In the jeweller’s interpretation of the dragonfly worn as a brooch, the insect shimmers with a 2.55ct fancy vivid yellow oval-shaped diamond at its centre, with a pear-shaped yellow diamond, while radiant-cut yellow diamonds in various hues make up its glowing wings. 

Yet, another magnificent jewel, a pair of earrings, is crafted by Graff with the use of 81.68ct of multishaped yellow diamonds, mostly radiant cut and emerald cut in a range of hues. 

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Hong Kong-based jeweller Forms uses a 1.01ct fancy purple pink diamond and a 1.49ct fancy intense yellowish green diamond, both cushion-cut, in a rare ring. 

“The more intense the colourations, the more beautiful, rare and expensive the diamond”
Tzvika Janover, co-founder, Forms

“The cushion cut is often used to hold on to and intensify colour. A typical round brilliant diamond is cut to minimise colour and appear as white  
as possible. 

“When it comes to fancy coloured diamonds, the opposite is true,” says Tzvika Janover, co-founder of Forms. “The more intense the colourations, the more beautiful, rare and expensive the diamond.”

Much expertise goes into hand-picking the right stones for a masterpieces, as seen in the Écume Necklace from the Résonances de Cartier collection, which stands out with three striking Fancy Yellow briolette-cut diamonds totalling 74.24ct, complimented by natural pearls, oval-shaped diamonds, rose-cut and brilliant-cut diamonds, all set in platinum.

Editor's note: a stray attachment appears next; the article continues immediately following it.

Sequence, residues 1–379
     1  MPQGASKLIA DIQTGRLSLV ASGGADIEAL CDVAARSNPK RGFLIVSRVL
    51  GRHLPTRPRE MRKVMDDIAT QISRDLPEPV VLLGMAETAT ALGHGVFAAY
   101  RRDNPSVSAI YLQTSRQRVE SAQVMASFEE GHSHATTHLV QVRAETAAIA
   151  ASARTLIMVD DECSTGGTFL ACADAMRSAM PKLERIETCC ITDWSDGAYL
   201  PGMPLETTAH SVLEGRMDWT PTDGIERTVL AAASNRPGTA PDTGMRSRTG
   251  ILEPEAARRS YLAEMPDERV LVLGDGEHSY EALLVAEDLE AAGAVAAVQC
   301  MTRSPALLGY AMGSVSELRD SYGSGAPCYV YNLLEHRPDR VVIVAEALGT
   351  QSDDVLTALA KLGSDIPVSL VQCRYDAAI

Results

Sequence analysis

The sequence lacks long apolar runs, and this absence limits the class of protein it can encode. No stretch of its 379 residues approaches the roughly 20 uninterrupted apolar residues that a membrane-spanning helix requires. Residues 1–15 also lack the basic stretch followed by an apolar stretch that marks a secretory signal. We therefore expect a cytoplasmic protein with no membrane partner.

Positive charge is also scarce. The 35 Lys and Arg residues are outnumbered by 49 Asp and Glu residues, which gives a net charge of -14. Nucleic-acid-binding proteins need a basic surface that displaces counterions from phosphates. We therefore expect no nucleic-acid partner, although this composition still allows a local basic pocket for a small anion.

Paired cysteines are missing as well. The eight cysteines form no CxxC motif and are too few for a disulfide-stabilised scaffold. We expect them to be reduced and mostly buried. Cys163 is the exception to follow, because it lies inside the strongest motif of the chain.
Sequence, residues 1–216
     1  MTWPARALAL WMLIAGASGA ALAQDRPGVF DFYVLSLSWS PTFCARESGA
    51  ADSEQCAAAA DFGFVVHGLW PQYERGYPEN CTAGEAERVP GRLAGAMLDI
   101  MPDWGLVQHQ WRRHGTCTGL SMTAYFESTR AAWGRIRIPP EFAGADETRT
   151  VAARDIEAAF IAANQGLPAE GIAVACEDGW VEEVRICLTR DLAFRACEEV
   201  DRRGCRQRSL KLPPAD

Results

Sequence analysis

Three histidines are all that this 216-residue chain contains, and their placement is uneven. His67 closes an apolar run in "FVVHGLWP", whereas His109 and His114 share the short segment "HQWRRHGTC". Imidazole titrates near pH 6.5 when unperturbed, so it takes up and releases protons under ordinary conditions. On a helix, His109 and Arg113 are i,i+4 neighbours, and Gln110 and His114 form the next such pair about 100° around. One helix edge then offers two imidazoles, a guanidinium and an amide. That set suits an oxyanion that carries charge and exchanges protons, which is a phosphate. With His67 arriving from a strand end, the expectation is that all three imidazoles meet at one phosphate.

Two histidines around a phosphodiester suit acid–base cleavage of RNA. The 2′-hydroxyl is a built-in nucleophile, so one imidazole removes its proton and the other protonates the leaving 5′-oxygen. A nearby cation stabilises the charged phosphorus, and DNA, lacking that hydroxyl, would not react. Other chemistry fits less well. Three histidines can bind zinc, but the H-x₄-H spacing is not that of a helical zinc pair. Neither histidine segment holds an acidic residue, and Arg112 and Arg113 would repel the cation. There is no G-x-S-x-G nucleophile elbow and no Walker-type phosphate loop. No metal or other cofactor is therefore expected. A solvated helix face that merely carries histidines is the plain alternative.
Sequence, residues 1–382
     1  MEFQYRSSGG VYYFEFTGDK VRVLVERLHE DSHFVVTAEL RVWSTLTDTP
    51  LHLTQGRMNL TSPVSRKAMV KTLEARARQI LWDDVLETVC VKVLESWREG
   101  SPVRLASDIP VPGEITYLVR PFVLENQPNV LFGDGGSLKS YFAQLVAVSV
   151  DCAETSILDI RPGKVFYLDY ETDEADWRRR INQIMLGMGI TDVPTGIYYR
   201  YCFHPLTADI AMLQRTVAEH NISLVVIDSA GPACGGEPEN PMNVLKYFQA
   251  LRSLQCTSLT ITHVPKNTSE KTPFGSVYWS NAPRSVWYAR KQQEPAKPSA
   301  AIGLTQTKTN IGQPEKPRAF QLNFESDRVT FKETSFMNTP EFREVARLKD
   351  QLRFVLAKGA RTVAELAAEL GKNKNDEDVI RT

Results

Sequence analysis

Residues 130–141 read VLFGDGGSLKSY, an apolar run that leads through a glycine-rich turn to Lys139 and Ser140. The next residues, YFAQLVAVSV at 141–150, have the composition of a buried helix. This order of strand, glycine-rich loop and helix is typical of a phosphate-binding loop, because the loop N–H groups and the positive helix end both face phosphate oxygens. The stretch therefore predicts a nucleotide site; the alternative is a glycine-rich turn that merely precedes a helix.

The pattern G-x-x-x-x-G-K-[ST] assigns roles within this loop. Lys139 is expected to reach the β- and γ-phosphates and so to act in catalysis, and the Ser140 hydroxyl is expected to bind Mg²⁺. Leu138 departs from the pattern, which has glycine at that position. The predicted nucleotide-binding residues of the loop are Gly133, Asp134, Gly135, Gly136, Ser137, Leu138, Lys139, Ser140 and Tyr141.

When the rough stones are mined, experts study how to maximise the colour yet not lose too much of its weight. It is this analysis which determines the final polished shape of a diamond. 

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The location of the colour within the rough diamond is significant, as is the skill of cutting and polishing fancy coloured diamonds, which will access the light path of the diamond to optimise its brilliance. 

This is different to cutting and polishing colourless diamonds, and the reason fancy coloured diamonds lend themselves to non-traditional shapes.

“It s a balance between weight and intensity of colour,” Chin explains.

“No colours as such are in ‘trend’. It’s according to rarity. Red is number one, then comes violet, then pure purple and pure orange, followed by green pink and blue.”

Less than 0.1 per cent of the volume of diamonds from the Argyle mine in Western Australia (the first and only continuing source of rare pink, violet and  
red diamonds in the world ever) is pink, of which the number of red and violet stones can be counted on the fingers of  
one hand. 

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Josephine Johnson, global marketing director for Rio Tinto’s diamonds business, says: “It takes an impossible set of ancient and geological circumstances to create the miraculous array of golden, pink, red and violet hues only found 
at Argyle. 

“The pinnacle of these is the rare and collectable Tender diamonds which have been referred to as the Fabergé eggs of the future.”

Last year’s Argyle Pink Diamonds Tender hero diamonds display a range of spectacular colour and varied shapes from cushion-cut to oval and radiant.